And so, today, RIM announced its Hail Mary – a brand new mobile operating system (well, sort-of new), as well as two new devices. In addition, the Canadian company also officially changed its name from Research In Motion to Blackberry. The first few reviews of Blackberry 10 are already out, and it’s not bad. The problem, however, is that in the case of Blackberry, ‘not bad’ could easily mean ‘not good enough’.
Virtually everything about Blackberry 10 has already been uncovered and detailed before – from its split personality functionality (a work and personal mode) to its gesture-based user interface, all the guts have been spilled across the web the past 12 months. The hardware, too, had been thoroughly leaked and documented online. Blackberry’s official unveiling, then, didn’t tell us a whole lot of new things.
I still think Blackberry 10’s user interface looks cobbled together, unfocused, confusing, uninspiring and outdated – those are harsh words, but luckily, they just cover the looks. In order to judge a user interface properly, it has to be used, and I’ll be trying my best to get my hands on a Blackberry 10 device to do just that. The reviews state that it works, and that’s about it. It’s nothing revolutionary or earth-shattering, so I’m guessing none of us will have any issues finding our way when we pick one up.
Now, there are a number of interesting features I’m honestly looking forward to, most important of which is true multitasking. Blackberry 10 runs on QNX – my QNX – and comes with honest-to-god, big boy, grownup multitasking. None of that wishy-washy My First Multitasking that many other platforms employ because they’re all server-class operating systems shoved into a mobile device, but the real deal, made possible because of QNX’ embedded origins and focus. Of course, experiences with true multitasking on recent mobile operating systems is so-so due to battery life concerns mostly, but QNX’ embedded nature ought to pose no problems here – unless Blackberry messed up everything above QNX.
And yes, it’s sad that in this day and age, multitasking is considered something special. I was multitasking like a boss ten years ago on Windows Mobile PocketPC Embedded 2003 Compact Standard SP2 Ultimate Special Edition Plus, so I always feel like we regressed a little bit over the years – bouncy scrolling and mobile Facebook or no.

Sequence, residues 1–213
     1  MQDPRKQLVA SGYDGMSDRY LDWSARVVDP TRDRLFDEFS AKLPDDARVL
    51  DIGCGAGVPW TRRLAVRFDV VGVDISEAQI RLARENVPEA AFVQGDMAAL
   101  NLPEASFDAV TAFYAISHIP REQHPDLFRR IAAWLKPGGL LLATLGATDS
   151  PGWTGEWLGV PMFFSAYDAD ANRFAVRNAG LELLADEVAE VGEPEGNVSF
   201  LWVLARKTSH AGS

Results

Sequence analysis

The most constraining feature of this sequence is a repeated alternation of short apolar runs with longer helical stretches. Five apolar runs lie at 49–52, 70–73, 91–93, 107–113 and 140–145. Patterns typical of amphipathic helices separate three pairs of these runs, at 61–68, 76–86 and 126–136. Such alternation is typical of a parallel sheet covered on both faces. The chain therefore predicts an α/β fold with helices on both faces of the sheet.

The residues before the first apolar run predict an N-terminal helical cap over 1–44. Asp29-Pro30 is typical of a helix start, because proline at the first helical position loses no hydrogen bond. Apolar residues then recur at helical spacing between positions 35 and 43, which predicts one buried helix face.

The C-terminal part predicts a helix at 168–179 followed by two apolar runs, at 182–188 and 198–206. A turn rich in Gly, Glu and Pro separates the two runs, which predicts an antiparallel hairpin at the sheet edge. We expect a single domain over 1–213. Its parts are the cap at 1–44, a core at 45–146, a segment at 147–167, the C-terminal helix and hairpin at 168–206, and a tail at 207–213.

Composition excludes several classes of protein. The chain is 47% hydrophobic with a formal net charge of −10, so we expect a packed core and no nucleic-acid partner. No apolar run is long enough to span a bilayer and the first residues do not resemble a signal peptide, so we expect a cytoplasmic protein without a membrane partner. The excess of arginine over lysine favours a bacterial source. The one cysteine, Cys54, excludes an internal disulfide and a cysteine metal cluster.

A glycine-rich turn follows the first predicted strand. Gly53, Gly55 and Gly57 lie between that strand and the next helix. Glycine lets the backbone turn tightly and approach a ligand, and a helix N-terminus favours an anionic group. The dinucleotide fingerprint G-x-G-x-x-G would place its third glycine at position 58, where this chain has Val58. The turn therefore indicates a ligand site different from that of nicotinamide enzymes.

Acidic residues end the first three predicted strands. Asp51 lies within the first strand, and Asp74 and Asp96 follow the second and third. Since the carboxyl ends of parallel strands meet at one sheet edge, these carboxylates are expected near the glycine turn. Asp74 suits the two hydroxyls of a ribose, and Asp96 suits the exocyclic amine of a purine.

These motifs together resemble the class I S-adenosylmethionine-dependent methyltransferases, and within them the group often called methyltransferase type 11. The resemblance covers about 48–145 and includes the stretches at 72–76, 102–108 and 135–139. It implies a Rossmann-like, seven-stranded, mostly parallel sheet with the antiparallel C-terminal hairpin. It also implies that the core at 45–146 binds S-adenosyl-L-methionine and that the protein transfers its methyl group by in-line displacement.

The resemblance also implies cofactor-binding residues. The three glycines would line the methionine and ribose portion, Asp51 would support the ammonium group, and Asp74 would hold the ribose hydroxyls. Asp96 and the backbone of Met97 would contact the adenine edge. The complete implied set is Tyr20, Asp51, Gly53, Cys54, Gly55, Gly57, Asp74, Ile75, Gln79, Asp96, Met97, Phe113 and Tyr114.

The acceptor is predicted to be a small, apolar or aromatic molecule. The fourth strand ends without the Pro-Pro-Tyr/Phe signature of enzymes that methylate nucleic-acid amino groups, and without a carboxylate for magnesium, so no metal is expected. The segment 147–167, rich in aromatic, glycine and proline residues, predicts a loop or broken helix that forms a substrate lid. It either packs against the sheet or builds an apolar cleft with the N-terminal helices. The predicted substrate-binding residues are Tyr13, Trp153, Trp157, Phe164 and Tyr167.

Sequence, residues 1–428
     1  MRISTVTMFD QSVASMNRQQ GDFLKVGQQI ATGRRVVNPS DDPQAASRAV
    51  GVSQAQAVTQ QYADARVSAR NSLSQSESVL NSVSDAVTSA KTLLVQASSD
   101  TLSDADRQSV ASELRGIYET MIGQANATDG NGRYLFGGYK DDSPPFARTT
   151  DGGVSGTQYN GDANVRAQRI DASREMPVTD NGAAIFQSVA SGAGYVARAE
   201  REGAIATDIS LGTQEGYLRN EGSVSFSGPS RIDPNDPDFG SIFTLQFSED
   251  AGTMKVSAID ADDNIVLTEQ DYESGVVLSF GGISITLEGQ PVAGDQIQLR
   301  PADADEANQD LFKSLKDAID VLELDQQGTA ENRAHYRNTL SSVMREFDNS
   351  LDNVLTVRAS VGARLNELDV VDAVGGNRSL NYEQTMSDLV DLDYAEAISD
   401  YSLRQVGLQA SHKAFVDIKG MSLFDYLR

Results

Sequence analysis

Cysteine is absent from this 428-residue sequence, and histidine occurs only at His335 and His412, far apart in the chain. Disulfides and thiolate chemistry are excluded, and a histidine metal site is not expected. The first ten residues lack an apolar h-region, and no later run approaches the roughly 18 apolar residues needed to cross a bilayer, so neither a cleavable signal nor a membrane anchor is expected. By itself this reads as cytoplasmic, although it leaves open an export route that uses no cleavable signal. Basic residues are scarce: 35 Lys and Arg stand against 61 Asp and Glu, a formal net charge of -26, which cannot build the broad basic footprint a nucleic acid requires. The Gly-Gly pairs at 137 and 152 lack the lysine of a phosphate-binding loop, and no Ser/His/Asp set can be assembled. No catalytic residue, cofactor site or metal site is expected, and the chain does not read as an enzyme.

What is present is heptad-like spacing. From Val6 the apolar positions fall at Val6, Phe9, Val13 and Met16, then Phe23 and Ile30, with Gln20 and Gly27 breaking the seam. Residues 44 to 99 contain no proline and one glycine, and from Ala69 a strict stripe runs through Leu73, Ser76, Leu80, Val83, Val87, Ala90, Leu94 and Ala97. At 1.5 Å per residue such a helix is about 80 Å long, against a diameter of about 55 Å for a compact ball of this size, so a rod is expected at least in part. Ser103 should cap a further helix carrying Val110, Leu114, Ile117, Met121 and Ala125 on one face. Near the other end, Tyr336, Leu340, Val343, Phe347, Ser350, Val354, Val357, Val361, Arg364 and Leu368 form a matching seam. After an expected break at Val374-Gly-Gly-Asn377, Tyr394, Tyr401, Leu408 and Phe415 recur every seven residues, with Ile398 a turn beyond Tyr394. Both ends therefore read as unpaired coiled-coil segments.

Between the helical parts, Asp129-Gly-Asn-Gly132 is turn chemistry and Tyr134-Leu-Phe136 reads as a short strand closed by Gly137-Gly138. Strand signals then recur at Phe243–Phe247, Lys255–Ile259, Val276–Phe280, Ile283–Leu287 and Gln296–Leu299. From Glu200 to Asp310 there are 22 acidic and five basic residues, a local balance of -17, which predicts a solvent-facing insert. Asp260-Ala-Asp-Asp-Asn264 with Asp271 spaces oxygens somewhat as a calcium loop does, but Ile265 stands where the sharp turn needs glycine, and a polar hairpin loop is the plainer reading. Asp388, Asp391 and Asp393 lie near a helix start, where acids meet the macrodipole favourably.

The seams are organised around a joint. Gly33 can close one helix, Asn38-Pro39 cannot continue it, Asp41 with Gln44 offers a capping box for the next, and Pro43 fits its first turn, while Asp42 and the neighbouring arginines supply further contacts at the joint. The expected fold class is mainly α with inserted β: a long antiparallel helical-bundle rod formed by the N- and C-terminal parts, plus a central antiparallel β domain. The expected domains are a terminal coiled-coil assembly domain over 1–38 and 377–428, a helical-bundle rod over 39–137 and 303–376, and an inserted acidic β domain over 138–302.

I’m also looking forward to the hardware. I think Blackberry has done a fantastic job designing the Z10 full-touch device, despite initial concerns that it was a bit bland. Seeing it being handled during the unveiling changed my mind, and once they pulled out the beautiful white model, I was sold. Let’s hope this white model won’t become Blackberry’s white N9 – the unicorn phone. True to Blackberry’s history, there’s also a full QWERTY version, the Q10. Availability and pricing will depend on your carrier, and I’ve seen nothing yet about off-contract, unlocked pricing (which is what I would want).
On the whole though, I’m skeptical this will be enough to save Blackberry. It all seems ‘not bad’, but I doubt ‘not bad’ will be good enough. Reviews so far have acknowledged that it does what it is supposed to do, but that it doesn’t really do anything better than any other platform currently out there. And that’s Blackberry’s big problem: in order to gain a foothold, it needs to attract new smartphone buyers as well as iPhone and iOS converts, and without any killer feature over those platforms that’s going to be a very tough sell.
Still, that white Z10… I need more disposable income.
So much wasted space … and the white top/bottom just make it more apparent. The extra bezel space around the screen makes sense due to the “start offscreen” gestures that are so rampant in BB10. But is the extra cm or so on top and below (which really stands out on the white model) really needed?